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Greg Clark: To ask the Secretary of State for Work and Pensions when he expects Child Support Agency assessments made under the old scheme to be converted to assessments made under the new scheme. 
Mr. Plaskitt: We have always said that we would only convert old scheme cases to the new scheme when it was working well. As part of his proposals for the redesign of the child support system, Sir David Henshaw recommended a radical approach allied to his proposal to create a new organisation. He has proposed that both of the existing schemes are closed down and that people are asked to re-apply to a new, simplified system. We think this has considerable merit and will help ensure that the new organisation is not contaminated by the failures of the past. However, we need to do more analysis to assess the most appropriate way to enable existing clients to either move to private arrangements or make a claim under the new system.
Julia Goldsworthy: To ask the Secretary of State for Work and Pensions how many Child Support Agency cases of outstanding arrears have been referred to debt collection agencies in each year since 1996-97.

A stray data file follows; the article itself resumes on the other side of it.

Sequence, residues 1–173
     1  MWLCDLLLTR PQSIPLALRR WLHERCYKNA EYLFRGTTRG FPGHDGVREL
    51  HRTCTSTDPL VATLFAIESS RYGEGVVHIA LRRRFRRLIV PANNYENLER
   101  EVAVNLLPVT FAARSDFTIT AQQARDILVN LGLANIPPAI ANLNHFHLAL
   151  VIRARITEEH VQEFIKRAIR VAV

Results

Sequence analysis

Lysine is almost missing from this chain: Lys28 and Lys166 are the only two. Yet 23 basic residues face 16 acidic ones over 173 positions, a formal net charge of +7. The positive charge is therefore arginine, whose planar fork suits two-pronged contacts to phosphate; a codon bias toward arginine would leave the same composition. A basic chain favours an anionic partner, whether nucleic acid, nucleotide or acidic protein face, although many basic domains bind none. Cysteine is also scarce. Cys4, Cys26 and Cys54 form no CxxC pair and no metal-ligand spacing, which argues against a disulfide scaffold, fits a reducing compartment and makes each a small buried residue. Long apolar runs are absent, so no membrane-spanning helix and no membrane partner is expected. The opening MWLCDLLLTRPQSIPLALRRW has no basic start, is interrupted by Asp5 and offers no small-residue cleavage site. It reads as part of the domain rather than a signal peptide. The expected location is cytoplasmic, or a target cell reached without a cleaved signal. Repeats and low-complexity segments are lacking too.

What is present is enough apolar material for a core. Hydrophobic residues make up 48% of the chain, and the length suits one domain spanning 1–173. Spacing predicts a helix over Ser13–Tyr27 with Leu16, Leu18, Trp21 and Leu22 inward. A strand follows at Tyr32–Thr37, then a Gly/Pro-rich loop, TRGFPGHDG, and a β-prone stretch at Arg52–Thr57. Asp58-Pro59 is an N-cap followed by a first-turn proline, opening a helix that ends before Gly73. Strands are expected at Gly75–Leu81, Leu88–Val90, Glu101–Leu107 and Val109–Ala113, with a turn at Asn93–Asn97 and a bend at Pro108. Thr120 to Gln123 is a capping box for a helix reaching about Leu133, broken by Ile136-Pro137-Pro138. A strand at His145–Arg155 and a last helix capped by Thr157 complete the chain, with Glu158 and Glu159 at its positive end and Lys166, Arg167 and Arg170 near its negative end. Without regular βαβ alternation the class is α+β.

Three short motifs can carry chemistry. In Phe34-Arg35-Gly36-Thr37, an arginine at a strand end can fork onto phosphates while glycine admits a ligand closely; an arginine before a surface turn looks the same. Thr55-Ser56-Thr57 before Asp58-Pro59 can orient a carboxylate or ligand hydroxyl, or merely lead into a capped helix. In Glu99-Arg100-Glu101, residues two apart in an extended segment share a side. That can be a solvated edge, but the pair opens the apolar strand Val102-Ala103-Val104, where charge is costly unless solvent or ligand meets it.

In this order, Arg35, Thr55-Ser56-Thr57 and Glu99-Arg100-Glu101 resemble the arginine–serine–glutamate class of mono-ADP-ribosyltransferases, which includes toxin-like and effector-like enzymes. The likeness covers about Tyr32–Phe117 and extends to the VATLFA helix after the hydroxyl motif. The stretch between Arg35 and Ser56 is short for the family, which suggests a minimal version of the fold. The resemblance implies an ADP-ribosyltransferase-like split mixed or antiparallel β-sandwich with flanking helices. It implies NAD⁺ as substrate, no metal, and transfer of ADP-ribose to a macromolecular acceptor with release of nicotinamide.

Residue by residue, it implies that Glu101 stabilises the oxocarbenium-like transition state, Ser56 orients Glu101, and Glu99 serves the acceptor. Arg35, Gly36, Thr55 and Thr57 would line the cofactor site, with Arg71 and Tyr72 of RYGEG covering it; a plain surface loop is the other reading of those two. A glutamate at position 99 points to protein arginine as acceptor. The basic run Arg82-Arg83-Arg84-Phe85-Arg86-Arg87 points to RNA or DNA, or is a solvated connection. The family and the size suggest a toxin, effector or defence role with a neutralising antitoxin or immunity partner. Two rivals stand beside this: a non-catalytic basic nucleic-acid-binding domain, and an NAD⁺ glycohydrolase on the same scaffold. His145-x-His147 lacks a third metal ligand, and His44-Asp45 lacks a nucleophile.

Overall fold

You asked the Secretary of State for Work and Pensions, how many Child Support Agency cases of outstanding arrears have been referred to debt collection agencies in each year since 1996-97.
The Agency did not refer any cases to debt collection agencies before August 2005. Between August 2005 and March 2006 the Agency conducted a small scale pilot using two private debt collection agencies to assess the feasibility of involving the private sector to recover Agency debt. As part of this pilot the Agency referred 2000 cases to these agencies.
Following the pilot and a procurement exercise the Agency signed contracts with two debt collection agencies on 7th July 2006. Since then the Agency has referred 4,433 cases to these agencies.